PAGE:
June 21, 2016
Today, in Immersion Corp. v. HTC Corp., the U.S. Court of Appeals for the Federal Circuit ruled that a continuation application may be filed on the same day its parent application issues. Today’s decision reverses a decision from the U.S. District Court for the District of Delaware, which had held that to maintain continuity, the continuing application would have to be filed no later than the day before its parent application issues. This ruling is significant in that a contrary ruling would have opened the door to possible invalidation of numerous patents.
In Immersion, the parent application was filed on January 19, 2000, and issued on August 6, 2002. The patentee filed a first continuation application on the same day the parent application issued and subsequently filed a chain of further continuation applications. In light of a 2001 publication of a corresponding international application, maintenance of continuity would be required to avoid a statutory bar over the 2001 publication.
The district court had held that the continuation application should have been filed at least one day before the issue date to preserve continuity. The court relied on the language of 35 U.S.C. § 120, which provides, in part, that a later-filed application “shall have the same effect . . . as though filed on the date of the prior application, if filed before the patenting or abandonment of or termination of proceedings on the first application. . . .” The district court held that the later-filed application was not “filed before the patenting” of the earlier application because it was filed on the same day.
The Federal Circuit rejected the reasoning of the district court. First, it found that the language of the statute did not specify any unit of time with respect to “filed before the patenting” so as to preclude a continuation filing on the same day as patenting of the earlier application. The Federal Circuit then found that same-day continuation applications were supported by legal precedent and agency interpretation of the statute. More specifically, the Federal Circuit found that (1) the Supreme Court long ago established the foundation for same-day continuations, and this rule was followed in subsequent cases; (2) the Patent Act of 1952 did not indicate any intent to change this rule; and (3) the U.S. Patent and Trademark Office had long authorized same-day continuations consistent with this rule.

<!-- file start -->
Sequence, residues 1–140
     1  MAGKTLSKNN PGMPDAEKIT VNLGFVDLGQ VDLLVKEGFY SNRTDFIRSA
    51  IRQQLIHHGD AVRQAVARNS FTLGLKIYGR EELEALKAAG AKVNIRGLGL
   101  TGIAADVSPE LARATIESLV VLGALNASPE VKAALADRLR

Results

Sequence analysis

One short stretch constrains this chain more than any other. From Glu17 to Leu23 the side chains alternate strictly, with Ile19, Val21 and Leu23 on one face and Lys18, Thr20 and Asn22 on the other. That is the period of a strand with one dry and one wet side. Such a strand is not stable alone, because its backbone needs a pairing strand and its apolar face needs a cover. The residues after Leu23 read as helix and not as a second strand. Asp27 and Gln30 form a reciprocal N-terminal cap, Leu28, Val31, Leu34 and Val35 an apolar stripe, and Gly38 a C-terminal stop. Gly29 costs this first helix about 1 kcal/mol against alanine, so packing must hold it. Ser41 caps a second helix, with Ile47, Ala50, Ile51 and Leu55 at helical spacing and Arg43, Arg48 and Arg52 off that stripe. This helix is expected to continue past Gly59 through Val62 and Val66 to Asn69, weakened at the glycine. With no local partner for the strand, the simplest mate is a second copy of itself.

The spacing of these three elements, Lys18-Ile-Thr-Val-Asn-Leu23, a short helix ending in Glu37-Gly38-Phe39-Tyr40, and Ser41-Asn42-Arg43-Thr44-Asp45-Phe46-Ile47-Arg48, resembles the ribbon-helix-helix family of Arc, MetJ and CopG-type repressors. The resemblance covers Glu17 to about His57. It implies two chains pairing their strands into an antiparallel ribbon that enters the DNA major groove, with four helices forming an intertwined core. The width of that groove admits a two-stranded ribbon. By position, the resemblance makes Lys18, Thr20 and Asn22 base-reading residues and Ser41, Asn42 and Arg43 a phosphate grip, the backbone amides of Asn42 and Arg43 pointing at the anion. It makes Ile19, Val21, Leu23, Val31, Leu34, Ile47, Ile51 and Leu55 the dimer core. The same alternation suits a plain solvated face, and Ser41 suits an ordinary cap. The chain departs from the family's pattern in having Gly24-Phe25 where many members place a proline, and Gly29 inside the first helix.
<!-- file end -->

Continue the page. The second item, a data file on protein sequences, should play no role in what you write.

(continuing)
The Federal Circuit also noted the significant ramifications of a contrary ruling, observing that “overturning the PTO’s position [likely] would affect the priority dates of more than ten thousand patents.” Past patent applicants had relied on the policy allowing same-day continuation filings and made investments in patents issuing from those applications. Accordingly, the Federal Circuit saw no reason to upset this policy.
For more information on today’s ruling, please contact Fitch Even partner Rudy I. Kratz, author of this alert.
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